Traditional security technologies are becoming increasingly ineffective as anti-virus firms struggle to keep pace with organised criminal gangs, IT analysts will warn this week's RSA conference.
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Criminals are generating new variations of viruses and Trojans at a rate that outstrips the ability of security companies to develop new signatures, delegates will hear.
"A lot of the mainline products that people have been buying for years are not much more than 30%, 40%, or 50% effective at detecting any given corpus of malware," said Andrew Jaquith, analyst at Yankee Group.
The trend will place renewed pressure on organisations to invest in educating their staff to minimise the risk of infection when they use IT in the workplace.
Criminal groups are making big profits by releasing hundreds of versions of the same malware, each of which potentially requires a new signature, to slip through anti-virus defences, said Jaquith.
"The bad guys are doing a better job at sharing information than the good guys," he added.
Ray Wagner, research vice-president at Gartner, said that businesses would have to focus more on the "human factors" of security to defend themselves.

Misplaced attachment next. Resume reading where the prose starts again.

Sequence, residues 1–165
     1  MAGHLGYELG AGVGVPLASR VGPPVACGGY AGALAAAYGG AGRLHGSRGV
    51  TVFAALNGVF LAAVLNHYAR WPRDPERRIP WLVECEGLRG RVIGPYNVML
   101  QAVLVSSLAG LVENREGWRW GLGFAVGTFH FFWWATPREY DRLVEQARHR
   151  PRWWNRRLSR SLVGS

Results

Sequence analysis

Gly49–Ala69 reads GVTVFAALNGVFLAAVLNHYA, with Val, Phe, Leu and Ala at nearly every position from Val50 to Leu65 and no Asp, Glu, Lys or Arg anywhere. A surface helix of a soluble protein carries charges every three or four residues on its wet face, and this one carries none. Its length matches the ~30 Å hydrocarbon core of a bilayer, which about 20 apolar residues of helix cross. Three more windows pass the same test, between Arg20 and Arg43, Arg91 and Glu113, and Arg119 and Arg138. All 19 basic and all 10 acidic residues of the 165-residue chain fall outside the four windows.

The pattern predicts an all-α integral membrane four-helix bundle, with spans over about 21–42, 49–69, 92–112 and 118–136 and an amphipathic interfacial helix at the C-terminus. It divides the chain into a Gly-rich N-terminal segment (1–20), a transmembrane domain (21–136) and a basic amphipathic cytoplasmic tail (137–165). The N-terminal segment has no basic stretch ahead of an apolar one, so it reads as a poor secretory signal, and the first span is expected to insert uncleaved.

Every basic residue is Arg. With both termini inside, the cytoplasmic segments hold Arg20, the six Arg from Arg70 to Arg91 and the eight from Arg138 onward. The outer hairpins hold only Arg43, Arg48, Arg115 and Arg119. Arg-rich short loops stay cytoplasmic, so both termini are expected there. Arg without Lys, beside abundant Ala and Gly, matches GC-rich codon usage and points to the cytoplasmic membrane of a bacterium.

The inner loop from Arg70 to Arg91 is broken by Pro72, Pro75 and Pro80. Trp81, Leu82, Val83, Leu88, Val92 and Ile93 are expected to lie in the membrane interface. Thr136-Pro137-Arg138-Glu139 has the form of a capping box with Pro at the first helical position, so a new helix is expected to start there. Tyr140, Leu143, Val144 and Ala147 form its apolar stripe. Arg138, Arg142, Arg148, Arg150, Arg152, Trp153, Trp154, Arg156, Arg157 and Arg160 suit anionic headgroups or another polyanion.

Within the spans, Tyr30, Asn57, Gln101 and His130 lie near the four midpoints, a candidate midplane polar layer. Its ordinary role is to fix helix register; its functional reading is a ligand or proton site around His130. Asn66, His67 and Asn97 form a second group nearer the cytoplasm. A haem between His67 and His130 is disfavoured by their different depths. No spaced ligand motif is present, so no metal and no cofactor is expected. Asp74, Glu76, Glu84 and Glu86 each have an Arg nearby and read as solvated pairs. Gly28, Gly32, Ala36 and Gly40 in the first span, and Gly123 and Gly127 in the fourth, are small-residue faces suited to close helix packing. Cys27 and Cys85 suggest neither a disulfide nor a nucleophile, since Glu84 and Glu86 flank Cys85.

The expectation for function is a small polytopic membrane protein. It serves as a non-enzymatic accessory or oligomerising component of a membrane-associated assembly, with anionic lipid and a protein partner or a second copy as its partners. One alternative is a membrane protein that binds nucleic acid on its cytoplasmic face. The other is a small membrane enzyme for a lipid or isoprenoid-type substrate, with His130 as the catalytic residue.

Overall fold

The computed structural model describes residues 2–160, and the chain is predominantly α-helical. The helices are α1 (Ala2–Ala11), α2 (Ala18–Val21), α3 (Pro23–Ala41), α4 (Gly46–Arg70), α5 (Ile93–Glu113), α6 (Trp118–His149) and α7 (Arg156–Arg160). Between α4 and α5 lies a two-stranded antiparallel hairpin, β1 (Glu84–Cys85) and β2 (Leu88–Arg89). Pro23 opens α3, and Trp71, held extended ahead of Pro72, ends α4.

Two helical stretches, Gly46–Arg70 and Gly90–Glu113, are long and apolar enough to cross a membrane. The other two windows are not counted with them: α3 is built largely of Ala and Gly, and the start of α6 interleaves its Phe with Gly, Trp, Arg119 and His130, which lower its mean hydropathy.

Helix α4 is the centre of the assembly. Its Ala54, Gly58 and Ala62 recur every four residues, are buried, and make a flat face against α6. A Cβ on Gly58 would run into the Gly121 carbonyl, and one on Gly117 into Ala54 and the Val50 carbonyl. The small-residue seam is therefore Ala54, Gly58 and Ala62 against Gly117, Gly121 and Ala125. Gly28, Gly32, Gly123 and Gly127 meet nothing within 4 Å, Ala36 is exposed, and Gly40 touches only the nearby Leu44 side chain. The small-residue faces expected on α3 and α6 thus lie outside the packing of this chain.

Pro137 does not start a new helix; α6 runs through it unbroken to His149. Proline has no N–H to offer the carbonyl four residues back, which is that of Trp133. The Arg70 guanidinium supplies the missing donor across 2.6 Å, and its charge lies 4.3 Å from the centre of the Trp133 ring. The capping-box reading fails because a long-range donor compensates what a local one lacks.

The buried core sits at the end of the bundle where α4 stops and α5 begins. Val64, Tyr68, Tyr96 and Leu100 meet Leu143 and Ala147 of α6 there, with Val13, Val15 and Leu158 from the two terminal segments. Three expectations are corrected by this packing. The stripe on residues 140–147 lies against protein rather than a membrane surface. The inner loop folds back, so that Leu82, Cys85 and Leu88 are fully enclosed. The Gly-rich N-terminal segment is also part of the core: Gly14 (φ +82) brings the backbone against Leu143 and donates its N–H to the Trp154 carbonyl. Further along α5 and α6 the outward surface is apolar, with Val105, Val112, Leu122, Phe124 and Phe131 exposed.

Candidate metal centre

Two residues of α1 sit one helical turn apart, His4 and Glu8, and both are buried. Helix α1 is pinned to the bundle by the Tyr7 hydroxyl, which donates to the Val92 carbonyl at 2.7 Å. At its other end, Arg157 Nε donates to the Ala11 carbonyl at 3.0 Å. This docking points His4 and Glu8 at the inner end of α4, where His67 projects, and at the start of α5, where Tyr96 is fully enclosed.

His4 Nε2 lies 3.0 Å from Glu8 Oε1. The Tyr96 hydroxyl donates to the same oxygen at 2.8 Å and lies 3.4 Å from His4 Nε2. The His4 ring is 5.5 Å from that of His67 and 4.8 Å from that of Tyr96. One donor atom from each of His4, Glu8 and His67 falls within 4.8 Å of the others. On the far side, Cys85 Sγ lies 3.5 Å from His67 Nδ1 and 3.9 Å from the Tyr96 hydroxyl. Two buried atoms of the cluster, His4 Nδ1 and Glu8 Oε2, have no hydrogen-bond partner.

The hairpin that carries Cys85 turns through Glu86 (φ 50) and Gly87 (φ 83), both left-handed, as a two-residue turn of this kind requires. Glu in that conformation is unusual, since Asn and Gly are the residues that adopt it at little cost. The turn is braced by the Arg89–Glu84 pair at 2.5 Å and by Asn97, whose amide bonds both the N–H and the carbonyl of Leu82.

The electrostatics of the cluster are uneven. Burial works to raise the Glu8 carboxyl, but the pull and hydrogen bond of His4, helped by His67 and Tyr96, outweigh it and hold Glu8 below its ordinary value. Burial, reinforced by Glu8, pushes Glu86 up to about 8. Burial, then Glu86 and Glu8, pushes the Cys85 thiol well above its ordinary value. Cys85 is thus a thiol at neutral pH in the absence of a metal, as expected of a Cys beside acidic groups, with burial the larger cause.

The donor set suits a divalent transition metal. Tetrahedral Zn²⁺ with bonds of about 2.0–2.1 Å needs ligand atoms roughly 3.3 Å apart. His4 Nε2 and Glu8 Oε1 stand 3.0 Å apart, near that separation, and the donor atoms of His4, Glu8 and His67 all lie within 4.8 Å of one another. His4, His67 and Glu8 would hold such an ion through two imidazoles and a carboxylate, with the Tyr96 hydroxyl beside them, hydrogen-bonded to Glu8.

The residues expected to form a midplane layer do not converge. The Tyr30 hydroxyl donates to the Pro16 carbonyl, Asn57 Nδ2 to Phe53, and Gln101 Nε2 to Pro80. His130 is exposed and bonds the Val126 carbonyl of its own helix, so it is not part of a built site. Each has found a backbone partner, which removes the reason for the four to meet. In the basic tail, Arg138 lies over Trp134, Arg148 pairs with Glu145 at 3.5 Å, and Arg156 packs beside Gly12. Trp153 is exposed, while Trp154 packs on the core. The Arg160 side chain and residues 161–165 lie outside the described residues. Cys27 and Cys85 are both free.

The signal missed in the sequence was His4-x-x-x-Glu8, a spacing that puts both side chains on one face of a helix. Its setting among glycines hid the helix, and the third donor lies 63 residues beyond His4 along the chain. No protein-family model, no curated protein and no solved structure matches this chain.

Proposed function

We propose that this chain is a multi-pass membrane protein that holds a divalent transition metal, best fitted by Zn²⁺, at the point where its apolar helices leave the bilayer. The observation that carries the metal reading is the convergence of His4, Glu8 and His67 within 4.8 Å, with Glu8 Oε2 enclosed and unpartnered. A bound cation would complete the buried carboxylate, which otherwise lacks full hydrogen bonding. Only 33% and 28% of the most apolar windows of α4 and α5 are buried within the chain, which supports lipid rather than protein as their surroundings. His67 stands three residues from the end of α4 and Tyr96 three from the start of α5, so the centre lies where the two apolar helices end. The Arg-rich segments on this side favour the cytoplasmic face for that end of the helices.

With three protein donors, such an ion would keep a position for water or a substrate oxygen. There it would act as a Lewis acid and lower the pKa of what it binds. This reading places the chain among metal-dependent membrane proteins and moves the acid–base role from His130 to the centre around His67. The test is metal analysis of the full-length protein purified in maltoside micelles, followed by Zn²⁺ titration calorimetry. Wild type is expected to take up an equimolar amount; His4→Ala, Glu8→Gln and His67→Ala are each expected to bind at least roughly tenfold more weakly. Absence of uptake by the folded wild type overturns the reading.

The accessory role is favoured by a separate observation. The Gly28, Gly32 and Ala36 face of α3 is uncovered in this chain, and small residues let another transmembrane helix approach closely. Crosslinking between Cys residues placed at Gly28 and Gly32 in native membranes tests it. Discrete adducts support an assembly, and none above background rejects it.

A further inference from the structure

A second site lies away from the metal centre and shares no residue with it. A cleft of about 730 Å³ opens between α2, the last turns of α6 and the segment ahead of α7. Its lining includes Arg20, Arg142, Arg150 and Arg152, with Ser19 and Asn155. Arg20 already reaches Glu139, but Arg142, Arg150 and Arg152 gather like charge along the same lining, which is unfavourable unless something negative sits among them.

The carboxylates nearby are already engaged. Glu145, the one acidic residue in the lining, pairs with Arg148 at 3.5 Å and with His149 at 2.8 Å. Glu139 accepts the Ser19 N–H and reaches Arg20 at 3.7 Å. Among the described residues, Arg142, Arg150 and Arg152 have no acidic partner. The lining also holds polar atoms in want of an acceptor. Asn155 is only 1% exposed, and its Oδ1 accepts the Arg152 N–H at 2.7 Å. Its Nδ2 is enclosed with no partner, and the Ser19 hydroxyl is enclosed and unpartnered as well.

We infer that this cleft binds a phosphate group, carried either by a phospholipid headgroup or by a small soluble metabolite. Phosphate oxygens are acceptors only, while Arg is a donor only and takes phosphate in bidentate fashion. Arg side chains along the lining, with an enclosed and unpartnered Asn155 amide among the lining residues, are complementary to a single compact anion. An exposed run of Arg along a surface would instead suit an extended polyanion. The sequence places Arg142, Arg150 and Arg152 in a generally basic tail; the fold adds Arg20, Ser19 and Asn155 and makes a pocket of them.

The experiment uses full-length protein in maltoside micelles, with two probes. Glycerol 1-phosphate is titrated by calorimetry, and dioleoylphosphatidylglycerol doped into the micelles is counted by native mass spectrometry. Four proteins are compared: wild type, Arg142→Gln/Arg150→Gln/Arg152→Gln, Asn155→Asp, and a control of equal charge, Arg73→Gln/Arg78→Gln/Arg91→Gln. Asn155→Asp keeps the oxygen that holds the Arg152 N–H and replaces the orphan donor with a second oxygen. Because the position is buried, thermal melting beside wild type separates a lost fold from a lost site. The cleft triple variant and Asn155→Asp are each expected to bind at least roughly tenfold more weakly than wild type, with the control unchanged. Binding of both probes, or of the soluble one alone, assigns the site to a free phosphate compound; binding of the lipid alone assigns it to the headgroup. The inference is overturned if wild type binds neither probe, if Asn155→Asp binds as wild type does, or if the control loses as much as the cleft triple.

"Most end-users are not capable of recognising what is malicious malware and what isn't," he said.
And in the longer term, security suppliers would have to adapt by creating technologies based on whitelisting safe programs, rather than blacklisting malware and blocking malicious behaviour, said Jaquith.
George Tubin, senior analyst at TowerGroup, cautioned that it was a never-ending battle. "The fight against fraud and malware is not a single battle to be won. We are never going to get on top of it and fix the problem," he said.
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